How to cope with the winter blues and holidays

By Emily Arnold on 20th Nov 2019

Emily Arnold from the Conway Clinic offers some practical advice on how to recognize the signs of the Winter Blues (sometimes called S.A.D) and manage those long, cold, winter days.

Many people are saying, “I love this time of year!” while others are dreading Thanksgiving and Christmas as well as the cold, wintry months with short days and long, dark hours. The holidays and winter months can be difficult for those with addiction or mental health issues. Many people are triggered during this time of year.  From stressful situations with family or finance encounters to being exposed to substances like opiates or alcohol at parties, or even the cold weather keeping you indoors can lead to an increase in feelings of anxiety, depression, or increased substance use. Many people get what is called “Seasonal Affect Disorder” which is usually said to occur in late fall throughout the winter months and usually dissipates in the spring and summer months. It is a subtype of major depression and the specific causes remain unknown. It is a decrease in serotonin, which is a chemical in the brain that affects our mood. Serotonin levels also decrease with reduction in Vitamin D and sunlight, triggering depression.

What can a person do who is affected by this? Well, we all know the word, HEALTHY. Living a healthy lifestyle can help alleviate seasonal affective symptoms as well as have us in the right direction instead of steering us down the wrong path. When people get depressed, some turn to drinking or illicit substances but in reality, they are only a temporary fix. We all know these combined can lead us to jail or deceased if we aren’t careful. Always remember, a calm mind brings inner strength and self-confidence, so that’s very important for good health both mentally and physically. Well, you are probably wondering, how do I know I have symptoms? These are all questions we want to know the answers to and we do know, we sometimes just live busy lives and don’t “have time” to actually take care of ourselves when needed.

What do the symptoms of depression or anxiety look or feel like?

  1. The feeling of being overwhelmed
  2. Loss of appetite or increased appetite (everyone is different)
  3. Lack of motivation
  4. Lack of desire in life
  5. Increased sleep patterns or decreased sleep (depending on the individual)
  6. Gastrointestinal issues
  7. Increased number of headaches
  8. Inability to stay focused or concentrate
  9. Increased days of missing work or being late
  10. Feeling low more days out of the week than not
  11. Increased crying episodes
  12. Thoughts of self-harm or suicide
  13. Feeling hopeless and worthless
  14. Easily agitated or irritable

How do I know if my depression has affected my substance use to get out of control?

  1. Have you lost interest in things you used to enjoy doing?
  2. Are you able to maintain a job?
  3. Are you capable of paying your bills?
  4. Are you experiencing health problems because of you substance use?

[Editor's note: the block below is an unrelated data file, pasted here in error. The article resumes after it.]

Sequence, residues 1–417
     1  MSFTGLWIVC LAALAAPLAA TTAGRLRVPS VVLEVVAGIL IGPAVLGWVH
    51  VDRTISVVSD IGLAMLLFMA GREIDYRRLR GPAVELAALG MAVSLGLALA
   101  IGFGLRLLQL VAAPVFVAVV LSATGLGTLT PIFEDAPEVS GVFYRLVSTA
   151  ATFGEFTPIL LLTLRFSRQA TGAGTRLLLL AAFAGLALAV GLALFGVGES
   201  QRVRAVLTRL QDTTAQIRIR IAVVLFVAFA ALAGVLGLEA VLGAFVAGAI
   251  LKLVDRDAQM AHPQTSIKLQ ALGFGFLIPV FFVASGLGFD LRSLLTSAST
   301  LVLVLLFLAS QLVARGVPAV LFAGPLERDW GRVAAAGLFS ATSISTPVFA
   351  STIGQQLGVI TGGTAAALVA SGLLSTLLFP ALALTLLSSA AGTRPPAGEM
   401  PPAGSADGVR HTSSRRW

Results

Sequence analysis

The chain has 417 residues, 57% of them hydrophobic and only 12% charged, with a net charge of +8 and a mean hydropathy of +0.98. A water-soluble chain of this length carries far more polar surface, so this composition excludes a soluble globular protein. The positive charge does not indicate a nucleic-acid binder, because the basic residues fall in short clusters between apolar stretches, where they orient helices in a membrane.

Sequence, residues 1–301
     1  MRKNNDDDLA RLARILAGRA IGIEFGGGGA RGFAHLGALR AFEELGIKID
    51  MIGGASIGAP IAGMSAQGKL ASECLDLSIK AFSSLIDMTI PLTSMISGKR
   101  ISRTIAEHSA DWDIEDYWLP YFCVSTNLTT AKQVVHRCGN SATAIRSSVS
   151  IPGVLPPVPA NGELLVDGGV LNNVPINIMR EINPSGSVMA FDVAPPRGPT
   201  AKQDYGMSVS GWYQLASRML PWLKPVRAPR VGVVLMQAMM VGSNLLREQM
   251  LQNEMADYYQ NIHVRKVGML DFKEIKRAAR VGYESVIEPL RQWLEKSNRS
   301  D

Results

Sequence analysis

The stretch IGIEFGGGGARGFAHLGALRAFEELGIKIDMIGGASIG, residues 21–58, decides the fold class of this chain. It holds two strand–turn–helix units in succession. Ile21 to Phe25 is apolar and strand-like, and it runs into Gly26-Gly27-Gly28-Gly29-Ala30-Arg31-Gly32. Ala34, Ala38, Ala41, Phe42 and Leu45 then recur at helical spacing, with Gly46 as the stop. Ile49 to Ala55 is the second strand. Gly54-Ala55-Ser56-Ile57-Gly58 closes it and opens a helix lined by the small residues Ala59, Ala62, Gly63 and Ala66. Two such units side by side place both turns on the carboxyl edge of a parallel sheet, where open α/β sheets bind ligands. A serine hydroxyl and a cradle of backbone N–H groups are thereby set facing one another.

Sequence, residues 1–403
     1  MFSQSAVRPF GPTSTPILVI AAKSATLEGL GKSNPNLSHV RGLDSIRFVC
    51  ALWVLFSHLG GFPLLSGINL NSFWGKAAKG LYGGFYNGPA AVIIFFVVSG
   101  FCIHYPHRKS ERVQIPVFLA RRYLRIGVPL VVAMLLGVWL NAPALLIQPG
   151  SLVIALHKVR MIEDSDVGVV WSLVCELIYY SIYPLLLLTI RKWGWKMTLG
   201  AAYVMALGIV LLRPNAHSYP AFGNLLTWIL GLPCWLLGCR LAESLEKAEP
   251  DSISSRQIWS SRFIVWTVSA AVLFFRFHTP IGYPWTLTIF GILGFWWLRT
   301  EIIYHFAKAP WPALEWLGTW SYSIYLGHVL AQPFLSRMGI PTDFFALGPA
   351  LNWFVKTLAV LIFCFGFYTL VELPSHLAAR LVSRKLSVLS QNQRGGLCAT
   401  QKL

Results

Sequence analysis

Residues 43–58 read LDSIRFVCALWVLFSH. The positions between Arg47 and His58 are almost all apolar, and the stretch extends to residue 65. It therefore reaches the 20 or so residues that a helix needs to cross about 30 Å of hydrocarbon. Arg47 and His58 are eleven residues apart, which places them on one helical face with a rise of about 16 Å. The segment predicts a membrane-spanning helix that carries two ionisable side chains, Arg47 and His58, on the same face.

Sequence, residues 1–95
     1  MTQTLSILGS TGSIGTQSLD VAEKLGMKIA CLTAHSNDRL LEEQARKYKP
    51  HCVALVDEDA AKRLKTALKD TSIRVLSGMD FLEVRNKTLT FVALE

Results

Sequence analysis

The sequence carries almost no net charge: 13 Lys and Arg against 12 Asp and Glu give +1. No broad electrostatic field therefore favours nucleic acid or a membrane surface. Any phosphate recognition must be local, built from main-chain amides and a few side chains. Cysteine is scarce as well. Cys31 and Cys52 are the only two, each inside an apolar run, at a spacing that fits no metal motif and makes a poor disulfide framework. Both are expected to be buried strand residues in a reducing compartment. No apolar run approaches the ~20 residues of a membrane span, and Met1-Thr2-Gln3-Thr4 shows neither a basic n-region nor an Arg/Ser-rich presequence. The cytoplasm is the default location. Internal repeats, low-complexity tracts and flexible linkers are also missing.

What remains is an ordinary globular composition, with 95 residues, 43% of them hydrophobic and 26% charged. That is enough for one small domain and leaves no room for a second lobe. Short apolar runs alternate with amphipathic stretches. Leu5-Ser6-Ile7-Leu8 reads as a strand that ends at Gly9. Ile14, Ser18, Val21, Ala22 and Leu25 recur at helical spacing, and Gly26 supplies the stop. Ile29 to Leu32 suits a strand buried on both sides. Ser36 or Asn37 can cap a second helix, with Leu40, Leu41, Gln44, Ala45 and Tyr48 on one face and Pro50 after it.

5. Do you have any withdrawal symptoms? ( vomiting, shakes, diarrhea, and nausea)

What are the best ways to cope with these challenges during the holidays as well as during the winter blues? There are several options which weren’t developed overnight just like addiction and mental health symptoms weren’t. Every individual is different as well as their coping skills. We all have different methods of self-improvement. Here are a few tips to help assist/ guide you through the winter blues and/or Holidays:

  1. Get plenty of rest. Most people need at least 8 hours of sleep.
  2. Exercise is important. A 15-20 minute two-three times a week is good just to help get you up and moving and mind and mood to feeling better. Endorphins are released in the brain when exercise occurs.
  3. Set Boundaries. Know when to say “No.” Don’t feel like you are super woman or super man and can help everyone all the time. Take time to relax.
  4. Talk to your loved ones or be around positive people. Most loved ones don’t know you are suffering and if they do, they are not sure where to turn for help. It can be scary to them due to not knowing your reaction, so take this time and talk with them and give them reassurance that you are doing well or that you just want to be there for them.
  5. Find time for mindfulness. Meditating is important. There is a three-minute breathing exercise, let go of all thoughts in your head, relax, and let go of tasks you are to be doing or things that need to be done.
  6. Be Patient.
  7. Seek outside help. It is important to talk to someone about your problems. I know the stigma is out there, but even as a professional, we all need to seek professional help at times. It is important to balance out treatment and break the stigma that is looming around us.

If you or a loved one are suffering from substance abuse, or have a co-occurring disorder, be proactive and seek help to assist you in alleviating and managing symptoms before they worsen.

About the author: Emily Arnold has her Master’s degree in Psychology and is a National Board Certified Counselor. She currently is employed at The Conway Clinic as a counselor. For more information on how we can help you with opiate addiction, please call 731-695-2532 or 731-693-2013.

 

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